Gate Pose (Parighasana) is unique in that it offers us the opportunity to practice deep lateral stretching and bending, which is rarely present in our everyday lives.
Given this fact, the sensation may feel intense at first, but think of Gate pose as the gateway to expansiveness in your side body, opening the doorway to three-dimensional breathing and a fuller, deeper sense of breath.
Benefits of Gate Pose
Gate Pose stretches the side body, shoulders, and hamstrings, and creates a sensation of openness in the lungs. The pose also facilitates elasticity and flexibility of the spine, and can also aid with respiratory problems such as asthma or allergies.
Gate Pose Step-By-Step
- Begin kneeling on your mat, with the tops of the feet down and the knees separated hip-distance apart.
- Come up to stand on your knees, stacking the hips directly over the knees, and extend your right leg out to the right.
- Find an external rotation of the right leg, taking the heel of the right foot down on the floor and the knee and toes of the right foot pointing up toward the ceiling.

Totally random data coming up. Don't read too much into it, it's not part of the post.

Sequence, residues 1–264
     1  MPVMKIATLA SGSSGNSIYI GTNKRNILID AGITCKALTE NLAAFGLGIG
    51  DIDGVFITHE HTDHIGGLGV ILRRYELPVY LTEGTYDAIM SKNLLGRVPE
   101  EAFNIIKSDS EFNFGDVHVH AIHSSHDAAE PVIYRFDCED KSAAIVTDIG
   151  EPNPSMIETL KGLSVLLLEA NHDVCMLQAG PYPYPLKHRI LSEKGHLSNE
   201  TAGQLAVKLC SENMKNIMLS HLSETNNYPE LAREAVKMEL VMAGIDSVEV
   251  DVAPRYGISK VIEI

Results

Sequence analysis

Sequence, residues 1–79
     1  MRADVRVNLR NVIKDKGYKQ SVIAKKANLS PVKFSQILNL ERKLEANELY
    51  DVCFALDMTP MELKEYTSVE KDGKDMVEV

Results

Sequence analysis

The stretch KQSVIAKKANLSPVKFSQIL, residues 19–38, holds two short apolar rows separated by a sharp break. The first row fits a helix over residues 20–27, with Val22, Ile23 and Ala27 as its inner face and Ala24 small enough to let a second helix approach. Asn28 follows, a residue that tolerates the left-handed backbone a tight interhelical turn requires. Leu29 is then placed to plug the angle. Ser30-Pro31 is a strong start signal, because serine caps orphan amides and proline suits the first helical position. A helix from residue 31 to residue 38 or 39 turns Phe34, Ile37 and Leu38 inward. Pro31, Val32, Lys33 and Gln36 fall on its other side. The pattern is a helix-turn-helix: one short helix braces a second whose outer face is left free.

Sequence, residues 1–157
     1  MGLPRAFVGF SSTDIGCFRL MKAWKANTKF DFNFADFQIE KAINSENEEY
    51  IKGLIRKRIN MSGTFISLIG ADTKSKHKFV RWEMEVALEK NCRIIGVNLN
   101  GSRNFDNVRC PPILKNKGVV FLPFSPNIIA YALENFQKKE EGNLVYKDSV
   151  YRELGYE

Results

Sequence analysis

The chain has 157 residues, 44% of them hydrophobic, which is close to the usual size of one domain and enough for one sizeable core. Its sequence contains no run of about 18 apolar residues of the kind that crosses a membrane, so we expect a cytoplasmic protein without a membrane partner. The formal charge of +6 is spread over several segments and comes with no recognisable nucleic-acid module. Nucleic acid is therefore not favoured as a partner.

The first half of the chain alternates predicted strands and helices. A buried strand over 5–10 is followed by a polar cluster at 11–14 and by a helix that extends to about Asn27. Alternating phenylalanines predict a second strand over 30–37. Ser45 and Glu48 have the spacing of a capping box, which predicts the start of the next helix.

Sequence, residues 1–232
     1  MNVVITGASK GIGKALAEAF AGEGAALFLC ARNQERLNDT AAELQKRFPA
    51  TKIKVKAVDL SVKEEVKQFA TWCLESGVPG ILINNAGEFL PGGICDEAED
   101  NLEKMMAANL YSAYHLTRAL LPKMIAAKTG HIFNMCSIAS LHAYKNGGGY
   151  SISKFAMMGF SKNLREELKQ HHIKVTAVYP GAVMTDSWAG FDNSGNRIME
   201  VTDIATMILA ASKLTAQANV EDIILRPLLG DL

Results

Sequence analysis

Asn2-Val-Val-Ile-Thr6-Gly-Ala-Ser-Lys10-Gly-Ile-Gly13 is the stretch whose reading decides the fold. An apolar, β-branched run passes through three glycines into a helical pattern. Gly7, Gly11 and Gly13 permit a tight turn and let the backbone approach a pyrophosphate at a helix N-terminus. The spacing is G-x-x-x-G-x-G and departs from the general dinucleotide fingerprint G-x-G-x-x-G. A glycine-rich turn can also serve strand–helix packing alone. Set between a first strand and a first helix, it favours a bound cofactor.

- Keep the left hip stacked over the left knee, and begin to slight the right palm down the right leg.
- As you inhale, begin to extend your left arm up and over to the right, with the bicep in line with the ear and the palm of the left hand facing down toward the floor.
- Spin your chest open toward the ceiling and direct your breath into your left side body, opening up through the spaces in between your ribs.
- Send the gaze up and hold here for up to 5 breaths. To come out of the pose, inhale back up to centre, and repeat on the other side.
- Note the tendency to collapse into the right side body and use the right hand to maintain the expression of the pose—instead, keep the core engaged and the weight in the right hand light.
- If there is any pressure in the knees, fold your mat over or tuck a folded towel or blanket underneath the knee(s) for added cushioning.
- To move deeper into the pose, you can bring the sole of the right foot down onto the floor, with the toes stretching away from the body.